Lexie Reemerges from the Etymological Underground

Word problems [clap, clap, clap, clap, clap, clap]…word problems…

It was my phone. “Lexie Kahn. What’s the word?”

“Lexie! You’re there. I’ve been leaving messages and texts for weeks. Where’ve you been?”

It was C.J. Chan, a voice from the past — two months ago, to be precise — when I took French leave. “I can’t tell you where I’ve been – out, off the grid, at an undisclosed location, underground.”

“Literally underground? Who were you chasing – Batman, Dick Cheney or the White Rabbit?”

Antelope Canyon Horizontal sm IMG_2564

Photo: Judith B. Herman

“Hmmm. I was in a bat cave, briefly, but the bats beat it out of there, leaving me nothing but a carpet of their calling cards. Say, you weren’t the one who sicced that batty Batman character on me; were you?”

“What? What are you talking about, Lexie? And isn’t undisclosed a double negative?”

He was evading the question. Maybe he was in league with Batman. “Never mind. Yes. If something is not disclosed then it’s closed or covert, which technically means ‘covered’ rather than ‘closed,’ but it’s the same idea.”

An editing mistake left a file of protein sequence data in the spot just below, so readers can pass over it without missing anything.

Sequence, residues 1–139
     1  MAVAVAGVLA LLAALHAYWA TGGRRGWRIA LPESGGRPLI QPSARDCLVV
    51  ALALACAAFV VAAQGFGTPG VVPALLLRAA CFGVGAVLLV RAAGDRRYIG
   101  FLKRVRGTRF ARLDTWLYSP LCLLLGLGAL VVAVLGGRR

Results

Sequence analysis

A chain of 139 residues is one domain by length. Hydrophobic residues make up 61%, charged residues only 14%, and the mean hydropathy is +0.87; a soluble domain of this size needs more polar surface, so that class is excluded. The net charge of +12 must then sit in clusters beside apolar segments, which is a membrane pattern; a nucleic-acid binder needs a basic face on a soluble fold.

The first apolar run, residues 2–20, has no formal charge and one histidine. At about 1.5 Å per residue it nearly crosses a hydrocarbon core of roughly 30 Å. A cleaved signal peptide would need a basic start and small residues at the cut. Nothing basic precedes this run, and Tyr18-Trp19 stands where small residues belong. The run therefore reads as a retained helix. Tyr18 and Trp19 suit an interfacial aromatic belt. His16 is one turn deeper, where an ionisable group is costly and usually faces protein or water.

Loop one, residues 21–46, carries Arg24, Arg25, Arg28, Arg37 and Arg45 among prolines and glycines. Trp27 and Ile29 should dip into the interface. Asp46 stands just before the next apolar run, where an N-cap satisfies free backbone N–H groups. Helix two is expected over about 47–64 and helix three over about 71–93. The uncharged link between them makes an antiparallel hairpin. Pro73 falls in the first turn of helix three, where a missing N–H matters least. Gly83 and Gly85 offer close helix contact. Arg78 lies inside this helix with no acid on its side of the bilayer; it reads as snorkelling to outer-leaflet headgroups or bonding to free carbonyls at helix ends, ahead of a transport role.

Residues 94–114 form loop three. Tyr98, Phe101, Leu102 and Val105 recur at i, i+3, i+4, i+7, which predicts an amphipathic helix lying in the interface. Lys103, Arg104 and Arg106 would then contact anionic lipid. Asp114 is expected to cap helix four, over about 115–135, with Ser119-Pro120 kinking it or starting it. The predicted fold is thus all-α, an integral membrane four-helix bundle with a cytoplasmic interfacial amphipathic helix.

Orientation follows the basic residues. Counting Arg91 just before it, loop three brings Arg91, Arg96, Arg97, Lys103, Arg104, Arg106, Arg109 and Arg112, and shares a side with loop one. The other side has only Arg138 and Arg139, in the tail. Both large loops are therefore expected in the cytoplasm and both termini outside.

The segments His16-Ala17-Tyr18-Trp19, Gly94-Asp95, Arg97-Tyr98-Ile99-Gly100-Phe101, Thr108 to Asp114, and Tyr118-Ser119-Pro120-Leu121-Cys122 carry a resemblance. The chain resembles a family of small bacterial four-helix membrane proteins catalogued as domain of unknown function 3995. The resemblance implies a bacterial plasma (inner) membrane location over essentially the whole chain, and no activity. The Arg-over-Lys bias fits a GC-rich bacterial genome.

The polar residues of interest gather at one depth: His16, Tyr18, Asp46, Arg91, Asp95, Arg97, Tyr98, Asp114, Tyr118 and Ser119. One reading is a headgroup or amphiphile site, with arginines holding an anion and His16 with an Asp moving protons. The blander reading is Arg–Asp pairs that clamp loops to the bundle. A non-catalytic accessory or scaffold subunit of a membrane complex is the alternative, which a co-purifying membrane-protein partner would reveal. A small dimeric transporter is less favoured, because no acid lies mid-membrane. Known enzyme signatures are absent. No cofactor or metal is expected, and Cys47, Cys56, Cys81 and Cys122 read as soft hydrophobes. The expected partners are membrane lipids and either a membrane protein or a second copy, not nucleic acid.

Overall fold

“So you’ve been up to something secret, furtive, clandestine?”

Now it was my turn to obfuscate by diving into etymology. “Did you know that furtive comes from French furtif, furtive, from Latin furtīvus, from fūr thief?”

“Uh, no, but –“

“And clandestine is from Latin clandestīnus ‘secret, hidden,’ which comes from clam, meaning ‘secretly.’ That clammed him up for a while.

 

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This entry was posted in English language, etymology and tagged , , , . Bookmark the permalink.

One Response to Lexie Reemerges from the Etymological Underground

  1. S. O. says:

    Funny! Hope you had a great trip.   Sue

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